Büchi L. Wendling M. Amossé C. Jeangros B. Sinaj S. Charles R (2017), Long and short term changes in crop yield and soil properties induced by the reduction of soil tillage in a long term experiment in Switzerland, in Soil & Tillage Research
, 174, 120-129.
Bélanger G. Ziadi N. Lajeunesse J. Jouany C. Virkajarvid P. Nyiraneza J. Sinaj S (2017), Phosphorus−nitrogen relationships of forage grasses in response to mineral phosphorus fertilization, in Field Crop Research
, 204, 31-41.
Sinaj S. & Richner W (2017), Principes de fertilisation des cultures agricoles en Suisse
Blanchet G. Libohova Z. Joost S. Rossier N. Schneider A. Jeangros B. Sinaj S (2017), Spatial variability of potassium in agricultural soils of the canton of Fribourg, in Geoderma
, 290, 107-121.
Aurélien Roger Sylvain Pluchon Jean-Claude Yvin Mohammed Benbrahim Laurent Kremer Sokrat Sinaj (2016), Effets d'un nouvel engrais phosphaté sur la nutrition et le rendement du blé, in Recherche Agronomique Suisse
Arnaud Micheneau Luc Champolivier Nicolas Courtois Sokrat Sinaj Alice Baux (2016), Réglette azote colza®: adaptation pour la Suisse d’un outil d’aide à la fertilisation azotée du colza, in Recherche Agronomique Suisse
Guillaume Blanchet Konstantin Gavazov Luca Bragazza Sokrat Sinaj (2016), Responses of soil properties and crop yields to different inorganic and, in Agriculture, Ecosystems and Environment
Lucie Büchi Claude-Alain Gebhard Frank Liebisch Sokrat Sinaj Hans Ramseier Raphaël Charles (2015), Accumulation of biologically fixed nitrogen by legumes cultivated as cover crops in Switzerland, in Plant and Soil
Cadot S. Bélanger G. Ziadi N. Morel C. Sinaj S, Critical plant and soil phosphorus for wheat, maize, and rapeseed after 44 years of P fertilization, in Agriculture, Ecosystems & Environment
Marina Wendling Lucie Büchi Camille Amossé Sokrat Sinaj Achim Walter Raphaël Charles, Influence of root and leaf traits on the uptake of nutrients in cover crops, in Plant and Soil
Maltas A. Dupuis B. Sinaj S, Yield and quality response of two potato cultivars to nitrogen fertilization, in American Journal of potato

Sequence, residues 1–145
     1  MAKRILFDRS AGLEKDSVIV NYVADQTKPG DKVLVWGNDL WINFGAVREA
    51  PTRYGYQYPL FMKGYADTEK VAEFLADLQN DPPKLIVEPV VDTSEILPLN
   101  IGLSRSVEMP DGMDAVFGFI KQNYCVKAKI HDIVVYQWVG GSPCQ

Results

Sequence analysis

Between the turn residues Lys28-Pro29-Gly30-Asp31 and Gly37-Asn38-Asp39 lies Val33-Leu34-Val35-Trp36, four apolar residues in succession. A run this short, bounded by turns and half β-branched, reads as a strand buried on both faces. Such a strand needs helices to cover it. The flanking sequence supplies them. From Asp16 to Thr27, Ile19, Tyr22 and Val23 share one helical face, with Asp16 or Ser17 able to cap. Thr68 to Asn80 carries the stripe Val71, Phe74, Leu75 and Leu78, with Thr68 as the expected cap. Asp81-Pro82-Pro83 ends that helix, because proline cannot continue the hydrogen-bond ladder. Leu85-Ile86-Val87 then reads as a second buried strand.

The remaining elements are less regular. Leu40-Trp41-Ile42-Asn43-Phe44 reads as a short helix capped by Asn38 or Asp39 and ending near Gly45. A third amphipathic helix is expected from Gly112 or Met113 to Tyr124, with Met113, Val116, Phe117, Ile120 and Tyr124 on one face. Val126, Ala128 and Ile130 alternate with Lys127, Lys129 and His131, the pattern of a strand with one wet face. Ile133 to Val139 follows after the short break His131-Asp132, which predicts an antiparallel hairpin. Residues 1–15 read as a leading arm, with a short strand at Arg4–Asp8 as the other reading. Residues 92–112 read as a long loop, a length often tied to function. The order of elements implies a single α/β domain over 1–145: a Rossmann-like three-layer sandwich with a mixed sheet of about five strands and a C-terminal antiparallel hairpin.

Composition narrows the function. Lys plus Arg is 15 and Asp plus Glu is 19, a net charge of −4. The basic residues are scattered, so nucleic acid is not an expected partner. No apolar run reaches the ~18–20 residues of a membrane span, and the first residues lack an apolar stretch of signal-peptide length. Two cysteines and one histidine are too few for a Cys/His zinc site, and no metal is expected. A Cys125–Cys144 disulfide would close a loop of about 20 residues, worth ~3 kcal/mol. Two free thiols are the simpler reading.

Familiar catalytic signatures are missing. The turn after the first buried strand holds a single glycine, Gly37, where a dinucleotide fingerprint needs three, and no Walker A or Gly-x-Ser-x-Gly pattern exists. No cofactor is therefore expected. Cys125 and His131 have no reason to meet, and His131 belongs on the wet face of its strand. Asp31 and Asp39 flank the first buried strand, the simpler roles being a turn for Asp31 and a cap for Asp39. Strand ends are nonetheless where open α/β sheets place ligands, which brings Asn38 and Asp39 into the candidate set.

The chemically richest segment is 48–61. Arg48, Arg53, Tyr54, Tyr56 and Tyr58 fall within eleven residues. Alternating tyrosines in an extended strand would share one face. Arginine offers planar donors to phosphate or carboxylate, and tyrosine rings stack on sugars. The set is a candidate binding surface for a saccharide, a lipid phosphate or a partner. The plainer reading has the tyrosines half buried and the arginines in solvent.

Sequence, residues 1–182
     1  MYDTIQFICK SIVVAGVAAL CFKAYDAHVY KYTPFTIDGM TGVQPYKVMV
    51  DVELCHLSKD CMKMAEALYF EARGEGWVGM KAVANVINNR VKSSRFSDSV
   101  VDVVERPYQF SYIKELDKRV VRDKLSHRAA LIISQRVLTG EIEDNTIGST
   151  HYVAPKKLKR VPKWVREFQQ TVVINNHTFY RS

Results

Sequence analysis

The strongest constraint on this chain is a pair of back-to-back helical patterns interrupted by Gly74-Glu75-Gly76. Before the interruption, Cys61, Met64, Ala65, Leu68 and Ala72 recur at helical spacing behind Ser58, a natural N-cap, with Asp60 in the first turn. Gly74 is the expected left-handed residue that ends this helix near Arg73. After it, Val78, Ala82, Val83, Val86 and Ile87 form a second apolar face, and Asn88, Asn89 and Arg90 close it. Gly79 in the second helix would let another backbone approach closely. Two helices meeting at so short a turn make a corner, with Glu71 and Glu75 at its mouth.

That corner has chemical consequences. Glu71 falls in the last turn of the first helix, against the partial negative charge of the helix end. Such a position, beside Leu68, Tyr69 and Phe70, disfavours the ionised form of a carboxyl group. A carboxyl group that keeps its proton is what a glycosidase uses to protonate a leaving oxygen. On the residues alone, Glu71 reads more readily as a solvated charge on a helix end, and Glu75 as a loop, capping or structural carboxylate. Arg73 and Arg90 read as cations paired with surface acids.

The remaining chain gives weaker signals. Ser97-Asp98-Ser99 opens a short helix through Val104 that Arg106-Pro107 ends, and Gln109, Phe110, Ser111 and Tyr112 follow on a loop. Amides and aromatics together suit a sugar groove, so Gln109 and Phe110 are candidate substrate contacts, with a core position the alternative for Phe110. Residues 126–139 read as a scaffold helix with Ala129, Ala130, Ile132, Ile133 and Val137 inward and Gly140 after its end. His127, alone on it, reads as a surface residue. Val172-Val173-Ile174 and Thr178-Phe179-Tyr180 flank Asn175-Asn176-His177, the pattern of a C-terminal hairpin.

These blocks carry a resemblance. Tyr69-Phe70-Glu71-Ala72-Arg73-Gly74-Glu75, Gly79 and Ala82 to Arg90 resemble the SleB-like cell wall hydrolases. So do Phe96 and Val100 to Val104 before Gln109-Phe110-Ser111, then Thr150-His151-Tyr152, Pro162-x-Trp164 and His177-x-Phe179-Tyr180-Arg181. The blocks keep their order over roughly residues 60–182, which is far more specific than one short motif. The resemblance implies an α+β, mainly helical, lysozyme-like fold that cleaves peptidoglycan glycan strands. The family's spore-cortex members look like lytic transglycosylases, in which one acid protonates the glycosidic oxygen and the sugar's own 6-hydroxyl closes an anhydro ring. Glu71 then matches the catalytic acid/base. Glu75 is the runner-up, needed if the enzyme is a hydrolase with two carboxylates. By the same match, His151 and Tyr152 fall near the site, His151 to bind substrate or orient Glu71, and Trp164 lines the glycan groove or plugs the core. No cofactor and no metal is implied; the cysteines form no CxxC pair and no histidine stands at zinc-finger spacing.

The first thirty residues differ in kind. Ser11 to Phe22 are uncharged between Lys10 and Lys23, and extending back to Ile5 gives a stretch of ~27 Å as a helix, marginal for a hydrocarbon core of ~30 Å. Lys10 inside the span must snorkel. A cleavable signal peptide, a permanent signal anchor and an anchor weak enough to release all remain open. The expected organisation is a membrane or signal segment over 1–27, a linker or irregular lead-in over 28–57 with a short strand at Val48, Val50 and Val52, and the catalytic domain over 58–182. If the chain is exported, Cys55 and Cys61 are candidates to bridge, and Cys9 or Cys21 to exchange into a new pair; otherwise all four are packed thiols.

The intensity of land use and the level of crop fertilisation in south-eastern and eastern European countries differ from the western European countries. In south-eastern and eastern European (EE) countries lower doses of mineral fertilisers are usually applied while the nutrient ratio is highly unbalanced (much higher proportion of nitrogen to phosphorus and potassium is used), and the input of nutrients in organic form is lower. Adequate fertilization regimes, maintenance of nutrient balance in soil-plant system and land use practices that would bring high agricultural production and reduce the impacts of agriculture on the environment need to gain more understanding in EE countries. Common to many of the EE former communist countries are agriculture systems based on collective farming with all problems that such a management system can bring - inefficiency of agriculture production, wrong use of fertilizers, no respect for the environment. Particularly, the optimal use of nitrogen and phosphorus fertilizers is important due to possible N and P leaching to ground and surface waters and the risk of water eutrophication. The other problem that will be addressed is the high losses of base cations from the land to waters and the resulting acidification of soils.The proposed project will contribute to the exchange of best practices in nutrient management - efficient use of nutrients (N, P, K, Mg, Ca, S,…) from applied fertilisers to achieve highest possible crop production and simultaneously reduced negative impact on the environment (nutrient losses). The mutual exchange of knowledge and experience will be focused on the following topics: (i) nutrients cycling in agroecosystems and comparison of analytical methods used in partner countries for nutrient determination and their efficiency; (ii) environmental impacts of land use (nutrient losses & acidification of soil & eutrophication of water); (iii) conventional and organic farming (nutrient use efficiency).The project will benefit partner organisations in research (improve local management fertilization tools) and training area (enhanced research and education system at universities) and simultaneously will be used to transfer the new knowledge to extension services (farmer advisory systems and farmers). Through the improved farming practices, efficient use of fertilisers and reduced impact on the environment, the socio-economic situation and development of rural areas in the partner EE countries will be improved.